Forest of Dean, April 2019

Four people turned up for our April all day visit to the Forest of Dean. On Tuesday 23 April. This was lower than average (possibly because several members were still away after the Easter holiday), but it had the benefit that we all fitted into one car, so no convoy driving was required on what was a lengthy and complex route to our destination.

The journey took a little over 90 minutes, so we arrived at RSPB Nags Head near the village of Parkend a little after 9.30. We decided first to go to the woodlands containing the lower hide. And that is where we stayed until nearly two hours had passed by! The reason for this was simple - the area was fantastic. The area of open land leading to the woods was alive with Blackcap and several other songbirds. The Blackcap in particular were notable for singing really loudly, really close to us and then proving invisible! But the main attractions in the woods were four species. First we found a male Pied Flycatcher near one of the many nestboxes placed on the trees. Detailed and lengthy observation confirmed that a matched pair of Pied Flycatcher were building a nest in this box. We also discovered another pair, similarly using a nestbox. Next one of our number found a Treecreeper quite close to us. This is a relatively common species but difficult to spot, so it represented a real achievement for us, and we subsequently found another Treecreeper. Then our attention was drawn to a male Redstart, singing lustily from the topmost branches of a nearby tree, and we all got good views of it before it flew off to look for a mate elsewhere. Finally in the hide we encountered a male Mandarin Duck. This is a spectacularly gorgeous bird, but by common consent it under-performed for us, remaining almost hidden the entire time we were watching it.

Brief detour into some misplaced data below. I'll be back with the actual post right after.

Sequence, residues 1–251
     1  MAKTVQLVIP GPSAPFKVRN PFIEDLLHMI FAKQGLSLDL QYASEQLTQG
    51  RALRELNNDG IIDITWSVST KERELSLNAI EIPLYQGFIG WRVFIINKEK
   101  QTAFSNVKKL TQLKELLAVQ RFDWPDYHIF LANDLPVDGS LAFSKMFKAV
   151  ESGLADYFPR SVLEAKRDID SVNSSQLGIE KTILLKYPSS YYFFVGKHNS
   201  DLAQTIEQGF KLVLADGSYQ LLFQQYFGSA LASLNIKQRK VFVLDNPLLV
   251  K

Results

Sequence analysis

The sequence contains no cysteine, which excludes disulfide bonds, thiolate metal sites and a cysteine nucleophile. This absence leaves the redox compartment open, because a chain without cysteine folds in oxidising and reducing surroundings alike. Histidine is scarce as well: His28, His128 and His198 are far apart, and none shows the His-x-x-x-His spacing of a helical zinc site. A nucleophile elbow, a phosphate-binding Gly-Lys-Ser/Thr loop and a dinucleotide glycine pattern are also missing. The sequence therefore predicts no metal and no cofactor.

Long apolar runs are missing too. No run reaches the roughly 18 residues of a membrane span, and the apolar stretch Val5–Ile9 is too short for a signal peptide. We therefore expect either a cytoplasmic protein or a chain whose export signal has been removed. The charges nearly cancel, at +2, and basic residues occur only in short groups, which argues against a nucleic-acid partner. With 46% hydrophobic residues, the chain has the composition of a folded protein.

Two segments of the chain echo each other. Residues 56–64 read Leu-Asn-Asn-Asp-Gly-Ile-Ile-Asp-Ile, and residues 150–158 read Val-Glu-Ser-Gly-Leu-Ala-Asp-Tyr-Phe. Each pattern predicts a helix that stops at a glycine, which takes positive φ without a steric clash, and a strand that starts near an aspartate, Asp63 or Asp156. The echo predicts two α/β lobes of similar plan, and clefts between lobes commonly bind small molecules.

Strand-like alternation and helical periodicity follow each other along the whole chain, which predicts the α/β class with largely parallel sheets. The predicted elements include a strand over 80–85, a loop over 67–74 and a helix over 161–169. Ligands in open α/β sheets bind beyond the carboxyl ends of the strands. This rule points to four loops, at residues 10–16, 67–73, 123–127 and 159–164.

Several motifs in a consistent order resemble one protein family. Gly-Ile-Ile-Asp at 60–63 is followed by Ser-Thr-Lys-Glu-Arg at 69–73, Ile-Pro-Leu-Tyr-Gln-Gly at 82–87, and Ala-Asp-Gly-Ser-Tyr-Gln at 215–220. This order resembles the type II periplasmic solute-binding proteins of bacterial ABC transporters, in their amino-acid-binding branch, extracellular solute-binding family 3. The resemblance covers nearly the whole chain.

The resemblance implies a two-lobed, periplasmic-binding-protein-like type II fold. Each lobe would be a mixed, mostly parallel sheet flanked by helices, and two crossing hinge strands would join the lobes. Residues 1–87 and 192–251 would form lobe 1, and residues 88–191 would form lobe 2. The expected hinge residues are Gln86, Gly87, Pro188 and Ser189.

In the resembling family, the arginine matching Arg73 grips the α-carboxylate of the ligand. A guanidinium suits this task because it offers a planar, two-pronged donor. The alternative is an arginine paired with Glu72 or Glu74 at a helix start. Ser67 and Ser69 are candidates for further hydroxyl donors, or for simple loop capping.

After all this excitement, the rest of the visit was a bit of an anti-climax. We went round the Short Trail, but saw nothing more exciting than another Pied Flycatcher, though we heard but did not see both the call of great Spotted Woodpecker and the yaffle of a Green Woodpecker. We then went by car to a famous raptor viewpoint in the hope of seeing a Goshawk. We managed to eat our sandwiches, but we saw no raptor more exciting than a distant Buzzard. We did however, spot a Jay as we entered the site, and again as we left. We then went to Cannop Ponds and at last saw plenty of Mandarin Duck, both male and female, including a dispute between two males who both fancied the same female. But this site was very crowded, particularly with noisy children, so we walked along a footpath beside the stream which links the two ponds in the hope of seeing a Grey Wagtail. Alas! In vain, though later on one of our number spotted a Pied Wagtail on a church roof.
Our total species for the day came to only 39 different types of bird - unusually low for a full day's birdwatching. But the first two hours made sure that everyone left feeling it had been a really worthwhile experience.

Our next meeting is a half day visit to the Somerset Levels on Tuesday 28 May. This walk will be led by Jean, who will be in touch with details nearer the time.